Diane calls me in for a tutorial on the initial four pages. I still have the copy she hands back to me then, and at the bottom, in small red writing, are the words ‘not enough for 2 weeks’ work’. It’s clearly a mess. She looks at my pages, all of them sketchy and faint. I can see I have disappointed her. She asks me to tell her about the story. I try to talk about the girl in it, and the love that must happen between her and Alex, somehow. About the other, different story I’ve started. Diane then asks me about the ‘father story’ line. She wonders what it is doing here, really, and how it connects to the floating interludes with some ‘she’ character, and some older ‘he’ character? There is too much, way too much, she says, unsaid.

            Of course, I have no words. I don’t even know how to talk about this. I have no idea what I’m doing. Then she turns her chair, directly facing me, and says, her voice a little shaky, ‘You are trying to write the same story over and over, do you see that? And it’s not happening.’ I must nod. Then she says, ‘Is there something you need to tell me?’.

            And I tell her. I am trembling all over. As much as I can tell anyone at that stage, I tell her. I tell her what my father did. I cannot yet cry about it, but she does. She asks about therapy, and I tell her about my last experience in that grand room. She is furious, and I later find out she makes an official complaint. But for now, and immediately, she phones her friend, a therapist called Diana Kahn – right there, while I’m in the office. She asks my permission to tell Diana a little bit, and I give it. I trust her completely; I give everything over. I tell her that I have no money at all to pay for anything. I don’t know what I’m going to do. Diane says not to worry. Not to worry any more about such things, because this is far, far more important.

I see the therapist Diana the next week, and twice a week at least for the following year, reducing to once a week for another year. She is fierce, and knowing, and protective. She releases me. She saves me. She begins the deep healing. And she pursues my father for every cent of her time, finally threatening him with a lawsuit. After which, he – surprise surprise – pays up.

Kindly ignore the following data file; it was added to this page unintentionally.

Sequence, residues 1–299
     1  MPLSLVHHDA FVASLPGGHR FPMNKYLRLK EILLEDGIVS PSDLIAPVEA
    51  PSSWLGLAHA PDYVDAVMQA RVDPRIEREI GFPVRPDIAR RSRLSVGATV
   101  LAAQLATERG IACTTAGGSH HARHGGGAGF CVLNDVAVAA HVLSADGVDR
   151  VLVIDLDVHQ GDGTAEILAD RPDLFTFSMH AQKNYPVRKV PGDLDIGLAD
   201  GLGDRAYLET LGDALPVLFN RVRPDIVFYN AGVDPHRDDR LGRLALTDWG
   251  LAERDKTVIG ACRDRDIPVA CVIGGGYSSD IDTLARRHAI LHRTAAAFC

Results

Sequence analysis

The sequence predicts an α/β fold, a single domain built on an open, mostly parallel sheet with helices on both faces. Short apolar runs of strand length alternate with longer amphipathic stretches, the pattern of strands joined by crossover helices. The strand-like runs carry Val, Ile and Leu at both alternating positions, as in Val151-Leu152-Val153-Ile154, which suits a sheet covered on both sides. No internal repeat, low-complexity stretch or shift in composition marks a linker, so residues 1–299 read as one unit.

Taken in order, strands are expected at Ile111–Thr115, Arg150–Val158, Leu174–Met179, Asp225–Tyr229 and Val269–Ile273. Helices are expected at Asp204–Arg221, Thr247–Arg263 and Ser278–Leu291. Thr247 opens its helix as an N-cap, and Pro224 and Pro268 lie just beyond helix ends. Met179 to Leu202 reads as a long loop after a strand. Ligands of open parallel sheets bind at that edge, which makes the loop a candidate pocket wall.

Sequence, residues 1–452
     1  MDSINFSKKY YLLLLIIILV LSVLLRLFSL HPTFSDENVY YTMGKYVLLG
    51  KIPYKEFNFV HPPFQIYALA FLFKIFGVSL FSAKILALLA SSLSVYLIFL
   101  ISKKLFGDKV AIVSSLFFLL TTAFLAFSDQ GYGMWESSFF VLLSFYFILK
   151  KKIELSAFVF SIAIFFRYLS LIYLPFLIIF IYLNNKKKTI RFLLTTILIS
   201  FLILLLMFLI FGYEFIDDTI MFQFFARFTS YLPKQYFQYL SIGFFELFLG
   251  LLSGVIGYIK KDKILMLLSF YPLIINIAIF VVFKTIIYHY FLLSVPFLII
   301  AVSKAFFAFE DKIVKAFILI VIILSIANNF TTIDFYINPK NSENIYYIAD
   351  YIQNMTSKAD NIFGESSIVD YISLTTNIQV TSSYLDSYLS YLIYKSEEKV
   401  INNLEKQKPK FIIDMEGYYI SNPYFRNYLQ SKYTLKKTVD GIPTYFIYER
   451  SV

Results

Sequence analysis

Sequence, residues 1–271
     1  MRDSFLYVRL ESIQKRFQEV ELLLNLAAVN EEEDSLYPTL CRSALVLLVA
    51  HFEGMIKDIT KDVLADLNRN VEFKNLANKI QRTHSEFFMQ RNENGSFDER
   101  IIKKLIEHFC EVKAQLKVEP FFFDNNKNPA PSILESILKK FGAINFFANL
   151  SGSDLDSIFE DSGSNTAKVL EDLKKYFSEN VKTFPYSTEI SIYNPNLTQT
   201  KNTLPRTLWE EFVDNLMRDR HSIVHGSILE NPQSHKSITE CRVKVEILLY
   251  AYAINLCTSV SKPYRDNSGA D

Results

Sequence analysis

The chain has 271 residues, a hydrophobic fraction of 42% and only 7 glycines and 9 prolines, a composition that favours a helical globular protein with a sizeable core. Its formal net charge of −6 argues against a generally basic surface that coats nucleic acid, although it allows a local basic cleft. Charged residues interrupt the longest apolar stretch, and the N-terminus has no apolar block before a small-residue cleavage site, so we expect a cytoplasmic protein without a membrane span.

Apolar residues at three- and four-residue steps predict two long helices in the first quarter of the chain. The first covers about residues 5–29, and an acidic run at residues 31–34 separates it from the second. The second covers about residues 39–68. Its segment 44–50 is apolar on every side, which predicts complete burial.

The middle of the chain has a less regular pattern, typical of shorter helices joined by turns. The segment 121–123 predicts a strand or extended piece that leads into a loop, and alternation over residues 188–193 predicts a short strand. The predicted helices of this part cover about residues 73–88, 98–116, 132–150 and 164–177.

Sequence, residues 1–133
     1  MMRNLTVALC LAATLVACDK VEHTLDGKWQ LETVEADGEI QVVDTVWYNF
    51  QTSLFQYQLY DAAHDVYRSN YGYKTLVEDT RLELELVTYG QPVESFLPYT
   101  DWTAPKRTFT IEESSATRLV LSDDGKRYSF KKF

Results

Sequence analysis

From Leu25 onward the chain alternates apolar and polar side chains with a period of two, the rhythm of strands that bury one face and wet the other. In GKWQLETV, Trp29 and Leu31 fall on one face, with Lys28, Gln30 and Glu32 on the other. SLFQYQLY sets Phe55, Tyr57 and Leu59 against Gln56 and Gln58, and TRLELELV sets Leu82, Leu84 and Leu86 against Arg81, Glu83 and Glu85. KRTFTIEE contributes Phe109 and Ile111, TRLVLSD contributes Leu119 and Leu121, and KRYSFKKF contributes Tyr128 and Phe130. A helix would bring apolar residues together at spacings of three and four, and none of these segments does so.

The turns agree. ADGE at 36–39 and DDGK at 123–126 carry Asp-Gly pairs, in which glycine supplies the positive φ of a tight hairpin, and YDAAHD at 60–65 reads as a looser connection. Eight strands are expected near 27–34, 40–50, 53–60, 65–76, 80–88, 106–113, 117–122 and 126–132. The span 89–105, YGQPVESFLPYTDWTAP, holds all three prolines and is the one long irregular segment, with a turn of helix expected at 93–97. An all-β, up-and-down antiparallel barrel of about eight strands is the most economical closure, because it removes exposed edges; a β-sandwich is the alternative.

I have never been able properly to express my gratitude to Diane Vreuls. For her compassion, her alertness, and for the friendship and love she shows me for years after. For the phone call she makes right there and then. But I hope that at times I’ve been able to embody her and make a difference. I promised myself I would, as soon as I started teaching 30 years ago. I promised myself that I would never turn away from a student in crisis, and I believe I never have. I know from experience that some changes in life can turn on a dime. Instead, I have numerous times picked up the phone, right there and then. I have made counselling appointments, I have walked students to the doctor’s office. I have had to tell students’ parents that I think their baby is in trouble. And I tell such students – often – of my own struggles. And of how my life is now. That there’s hope. Lots of it.

saying it

Telling people you’ve been sexually abused is almost always difficult — sometimes for you, sometimes for them. Sometimes for both.

In the last three days I’ve found myself disclosing to two people. In both cases there was a context of sorts; we were having ‘normal’ conversations about families, and, rather than brush over, or tell white lies, I told it like it is: my father sexually abused me for about four years, and my mother (not living with us) had several mental illnesses. My stepmother, for her own reasons no doubt, seemed unable to act. So my ‘Christmas plans’ have not included any of my parents for decades.

Why say it like it is? Isn’t it easier to brush over? Short answer: yes, it is. It is easier not to be damaged or complicated — but for most people, whatever has happened in their lives, that’s a lie. My damage and complexity just happen to spring from several places which make most people uncomfortable, or even reel back in some horror: this is too dreadful to be true they seem to say, the expression on their faces passing through pity, disgust, grief, and settling to neutral.

Again, why do this? Because, and it’s quite simple when I think about it: it is not up to me to apologise or ‘be over it’. It is not up to me to hide facts which were completely and utterly out of my control. It is not up to me to protect others’ sensibilities. We don’t protect each other from the bad news of cancer, or bereavement — we say it all, and hope the listener figures out how or if to respond.

In recent years when I finally could bring myself to disclose the sexual abuse, I would rush to — as in the next sentence — say ‘but I’m okay, I really am. I’ve had lots of therapy and I’m really well.’ Some of you reading this blog will recognise this from our long friendships. I did this to save my listener from pain, disgust, pity — and helplessness in the face of this horrible thing. The desire to protect the world from the dirty secret — to carry it, to carry the shame indeed, the unresolved triggers, the mess of it all — always took precedent.